Pilkerton's Prognostications

This blog contains some of my past articles for the school newspaper and other musings I feel like posting. Beware liberals!

Wednesday, February 08, 2006

What to expect from baseball this year (2004)


Spring training is finally here and not a moment too soon. After a long, cold winter the heart the baseball fan is beginning to thaw. With March approaching, the baseball season is in sight and with the baseball season comes summer. The offseason has been tremendous this year, perhaps more productive and controversial than any since the strike in 1994.
This baseball offseason has been tainted by the federal investigation into BALCO labs distributing steroids to some of the game's biggest stars as well as elevated by this year's installment of the Yankee vs. Red Sox war.
The acquisition of Alex Rodriguez by the Yankees is probably a stale topic for newspapers by now, but it turned this offseason around for Yankee fans everywhere. After the loss of Andy Pettite to the Astros the heart of the Yankee fan was dealt a crushing blow, it seemed as if Steinbrenner had finally done it. After resigning themselves to the fact that the Yankees were on the decline due to ownership insanity the confidence (and arrogance) of the Yankee fan was again lifted by the acquisition of A-Rod.
What made this deal particularly sweet was its impact on the lowly Red Sox. The Sox struggled for over a month to work out a deal with the Texas Rangers to aquire the 28-yearold shortstop until it finally fell apart when the MLB Players Union vetoed the proposed contract restructuring of A-Rod's $252 million dollar contract. Then, on what seemed like a whim, the Yankees swooped in and picked up A-Rod and were essentially paid to do so. The Yanks gave up free-swinging young All-star, Alfonso Soriano, but got back the best player of our time in return. Not only did they scoop up this future Hall of Famer: they even got him to move to third base, deferring his shortstop duty to team captain and former boyfriend, Derek Jeter.
A lot has been made of the friendship between Jeter and A-Rod, Rodriguez cut Jeter down in an interview with Esquire magazine a few years ago and their friendship allegedly cooled off since then. The fact is that these two men are both professionals and regardless of their personal friendship, or lack thereof, they are going to play together and form a cohesive unit on the left side of the infield.
The real winners in this deal are the fans of New York. This gives the Yankee fan something else to hang over the heads of the pathetically desperate Sox fans. Even Red Sox principal owner, John Henry got involved by issuing a statement to the league pleading for a salary limit so that "certain" teams don't accumulate too much talent.
Of course Mr. Henry is referring to the Yankees because they are the only team that outspends the Red Sox in Major League Baseball, except the Yankees win. Stienbrenner issued a response that essentially told Henry to quit the "sour grapes" act and move on. This press-release debate between the owners was eventually quieted by the Commissioner's office.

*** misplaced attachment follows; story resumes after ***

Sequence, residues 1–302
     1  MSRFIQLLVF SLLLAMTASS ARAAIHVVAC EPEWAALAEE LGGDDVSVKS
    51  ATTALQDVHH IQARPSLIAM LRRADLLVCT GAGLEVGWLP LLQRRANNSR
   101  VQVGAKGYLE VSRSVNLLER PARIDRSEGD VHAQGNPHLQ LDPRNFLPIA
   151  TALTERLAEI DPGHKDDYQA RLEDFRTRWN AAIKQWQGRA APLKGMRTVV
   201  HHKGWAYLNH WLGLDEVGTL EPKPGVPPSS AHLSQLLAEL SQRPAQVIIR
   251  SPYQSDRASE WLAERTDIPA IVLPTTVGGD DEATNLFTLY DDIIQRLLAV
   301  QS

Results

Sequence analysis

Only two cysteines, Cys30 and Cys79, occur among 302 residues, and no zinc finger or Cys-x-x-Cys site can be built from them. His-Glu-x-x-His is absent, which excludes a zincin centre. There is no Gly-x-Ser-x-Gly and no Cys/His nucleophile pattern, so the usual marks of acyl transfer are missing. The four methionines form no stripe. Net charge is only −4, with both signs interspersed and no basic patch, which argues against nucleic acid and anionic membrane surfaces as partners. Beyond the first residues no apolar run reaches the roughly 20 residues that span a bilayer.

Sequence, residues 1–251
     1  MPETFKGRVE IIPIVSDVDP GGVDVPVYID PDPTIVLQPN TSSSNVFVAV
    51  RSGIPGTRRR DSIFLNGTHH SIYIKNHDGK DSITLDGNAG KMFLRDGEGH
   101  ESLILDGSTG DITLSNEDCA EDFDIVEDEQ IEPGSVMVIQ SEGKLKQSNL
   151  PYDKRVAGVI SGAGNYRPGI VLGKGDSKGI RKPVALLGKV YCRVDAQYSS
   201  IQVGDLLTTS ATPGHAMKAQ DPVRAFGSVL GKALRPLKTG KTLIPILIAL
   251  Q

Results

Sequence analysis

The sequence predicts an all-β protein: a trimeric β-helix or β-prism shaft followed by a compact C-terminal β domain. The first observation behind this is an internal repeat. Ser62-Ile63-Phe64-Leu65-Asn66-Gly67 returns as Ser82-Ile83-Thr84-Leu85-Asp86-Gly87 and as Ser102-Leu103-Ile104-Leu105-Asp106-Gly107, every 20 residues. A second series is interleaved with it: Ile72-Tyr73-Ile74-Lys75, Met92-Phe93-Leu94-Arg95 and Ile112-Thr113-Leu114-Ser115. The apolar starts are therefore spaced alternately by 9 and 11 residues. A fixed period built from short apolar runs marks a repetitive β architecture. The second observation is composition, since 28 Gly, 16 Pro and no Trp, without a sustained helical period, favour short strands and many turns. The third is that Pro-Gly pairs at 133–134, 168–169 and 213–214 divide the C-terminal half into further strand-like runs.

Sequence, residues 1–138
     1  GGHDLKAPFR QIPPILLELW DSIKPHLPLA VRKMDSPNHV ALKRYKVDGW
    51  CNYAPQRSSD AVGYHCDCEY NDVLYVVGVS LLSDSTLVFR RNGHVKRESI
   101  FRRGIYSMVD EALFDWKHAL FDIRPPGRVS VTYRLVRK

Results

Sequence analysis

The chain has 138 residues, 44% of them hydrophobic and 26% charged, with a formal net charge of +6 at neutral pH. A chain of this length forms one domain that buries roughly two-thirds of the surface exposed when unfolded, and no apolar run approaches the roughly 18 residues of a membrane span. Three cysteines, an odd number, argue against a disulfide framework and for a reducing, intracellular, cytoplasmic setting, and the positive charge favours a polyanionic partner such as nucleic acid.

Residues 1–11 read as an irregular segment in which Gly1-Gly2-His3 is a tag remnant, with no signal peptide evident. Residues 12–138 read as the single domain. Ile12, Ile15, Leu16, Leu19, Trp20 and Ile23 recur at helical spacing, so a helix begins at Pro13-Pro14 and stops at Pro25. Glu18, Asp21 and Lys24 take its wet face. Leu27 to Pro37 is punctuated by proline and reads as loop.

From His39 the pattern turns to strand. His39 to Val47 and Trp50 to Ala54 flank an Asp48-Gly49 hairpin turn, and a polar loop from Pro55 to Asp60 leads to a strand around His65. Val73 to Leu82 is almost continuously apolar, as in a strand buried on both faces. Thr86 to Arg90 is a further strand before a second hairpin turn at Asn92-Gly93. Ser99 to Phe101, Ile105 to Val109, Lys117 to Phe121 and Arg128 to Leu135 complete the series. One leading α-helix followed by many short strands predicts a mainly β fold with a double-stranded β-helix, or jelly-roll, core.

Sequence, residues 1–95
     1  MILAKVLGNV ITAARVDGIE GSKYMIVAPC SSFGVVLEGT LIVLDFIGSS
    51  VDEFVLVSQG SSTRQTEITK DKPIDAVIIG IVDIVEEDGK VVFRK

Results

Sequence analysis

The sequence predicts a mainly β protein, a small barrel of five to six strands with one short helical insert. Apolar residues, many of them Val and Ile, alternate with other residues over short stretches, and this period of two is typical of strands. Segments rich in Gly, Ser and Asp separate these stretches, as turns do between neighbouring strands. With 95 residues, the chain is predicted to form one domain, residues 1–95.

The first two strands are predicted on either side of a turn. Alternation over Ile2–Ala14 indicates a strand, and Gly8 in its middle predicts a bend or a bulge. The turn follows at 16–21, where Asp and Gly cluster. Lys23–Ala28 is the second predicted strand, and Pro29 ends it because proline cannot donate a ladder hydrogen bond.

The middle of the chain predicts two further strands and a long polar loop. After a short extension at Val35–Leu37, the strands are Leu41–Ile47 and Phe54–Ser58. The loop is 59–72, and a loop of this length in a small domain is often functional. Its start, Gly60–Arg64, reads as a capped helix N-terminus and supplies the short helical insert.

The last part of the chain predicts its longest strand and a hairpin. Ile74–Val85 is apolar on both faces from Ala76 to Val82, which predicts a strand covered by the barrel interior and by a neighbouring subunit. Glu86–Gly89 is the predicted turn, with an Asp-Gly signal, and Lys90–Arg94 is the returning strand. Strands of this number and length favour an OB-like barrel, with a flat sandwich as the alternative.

The other story in baseball this year is the Federal investigation in to the practices of BALCO Labs, the San Francisco Bay-area enhancement company.
BALCO has been indicted for distributing steroids to athletes. While not directly indicted, such superstar players as Barry Bonds, Jason Giambi, and Gary Sheffield have links to the company, including one of Bonds' trainers. Last year professional baseball tested for steroids but kept the results anonymous.
Numbers for positive tests have ranged from 4 percent to 40 percent. These results have prompted even President Bush (former part-owner of the Texas Rangers) to get involved and demand a more strict policy for steroid use and testing. Look for a decrease in homerun numbers this year, or at least a decrease in the number of people who hit over 30 round trippers.
The problem Major League Baseball has when it comes to steroid testing compared to other professional leagues such as the NFL is that the player's union is exceedingly more powerful than in those leagues. The player's union knows how prevalent steroid use is among its players, but they don't want these players reprimanded because it would be a black mark on the game, but more importantly, it would hurt player salaries and cause some of their marquee players to get fined and even suspended. This kind of publicity is not what the union or the Commissioner's office is looking for. The future of this issue has yet to be determined, Major League Baseball could step in and install their own testing system or John Ashcroft could invoke the Patriot Act and put computer chips inside every ball player, but any way you slice it, this is going to be a major issue for baseball this season and for seasons to come.
There are countless storylines for this upcoming MLB season. Can the Yankees break their horrid losing streak of three years without a championship? Can the Red Sox jump out to an early start and fade late in the season again? All of these questions will be answered over the next seven months; countless others will come up as well. That, my friends, is the beauty of baseball. It makes the days a little longer, the weather a little nicer and it gives us something to look forward to.


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